A publication of Appalachian Voices


A publication of Appalachian Voices


Ashby Berkley

Summers County, W. Va.

Editor’s Note: The Appalachian Voice first spoke with Ashby in spring 2018. Read that story here.

Ashby Berkley

Photo by Chris Jackson/WV Rivers Coalition

In September, Mountain Valley Pipeline developers began working on Ashby Berkley’s property by the Greenbrier River in Summers County, W.Va., after seizing it with eminent domain. Ashby owns two rental homes and a campground on the land, valuing the parcel at $535,000. Mountain Valley offered him $34,000 for a right-of-way.

“They cut several big shade trees on the property, including some 200-year-old white cedar trees,” Ashby says. “They also marked off where their right-of-way is going to go, and it’s going to take out my commercial sewer system and 90 percent of my riverfront because it runs parallel to the river.”

Additionally, he says, Mountain Valley has taken land outside the agreed-upon right-of-way for construction purposes. So far, however, the company has not broken ground on his property.

Construction at this site has been halted since Sept. 18, when a state judge froze a state permit allowing Mountain Valley developers to burrow underneath the Greenbrier River.

Then on Oct. 2, the U.S. Fourth Circuit Court of Appeals struck down a federal water permit required to cross the river and hundreds of other waterways in the state.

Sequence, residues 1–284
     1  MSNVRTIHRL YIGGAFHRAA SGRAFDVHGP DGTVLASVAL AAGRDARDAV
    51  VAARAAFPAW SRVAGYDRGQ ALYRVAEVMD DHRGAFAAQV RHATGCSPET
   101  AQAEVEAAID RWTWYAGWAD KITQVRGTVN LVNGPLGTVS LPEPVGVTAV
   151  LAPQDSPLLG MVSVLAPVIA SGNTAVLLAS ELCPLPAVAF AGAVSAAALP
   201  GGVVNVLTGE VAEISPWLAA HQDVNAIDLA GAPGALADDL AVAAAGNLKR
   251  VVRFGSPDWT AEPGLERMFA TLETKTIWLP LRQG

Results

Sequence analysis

construction

Ashby’s property by the Greenbrier River in late December 2018. Photo by Maury Johnson


Meanwhile, Ashby and other affected landowners are embroiled in a lawsuit challenging Mountain Valley’s ability to use eminent domain to seize private land. Although the group asked the U.S. Supreme Court to hear the case, the justices declined. The court hears approximately 80 out of 8,000 cases each year.

Ashby is undeterred, as the Supreme Court’s refusal to hear the case does not mean a decision was reached.

map

Ashby Berkley’s location in the path of the Mountain Valley Pipeline.

“We are guaranteed the right to own property in the Constitution,” Ashby says. “The eminent domain law is supposed to be for our good … and we’re supposed to receive just compensation for that. Well, truth of the matter is we are not receiving just compensation, and this is not for the good of me, the person giving up the land, or the other people who are giving up land. It is for the purpose of raising money by the sale of this product outside of the United States, which is a violation of the Natural Gas Act [of 1938],” referring to the law used to justify eminent domain for interstate natural gas infrastructure.

“It’s for corporate profit,” Ashby adds. “Do you think they would let me go down there and tear down their d— building, or close down their gas field because I wanted to plant corn there? Give me a break. It’s just not American.”

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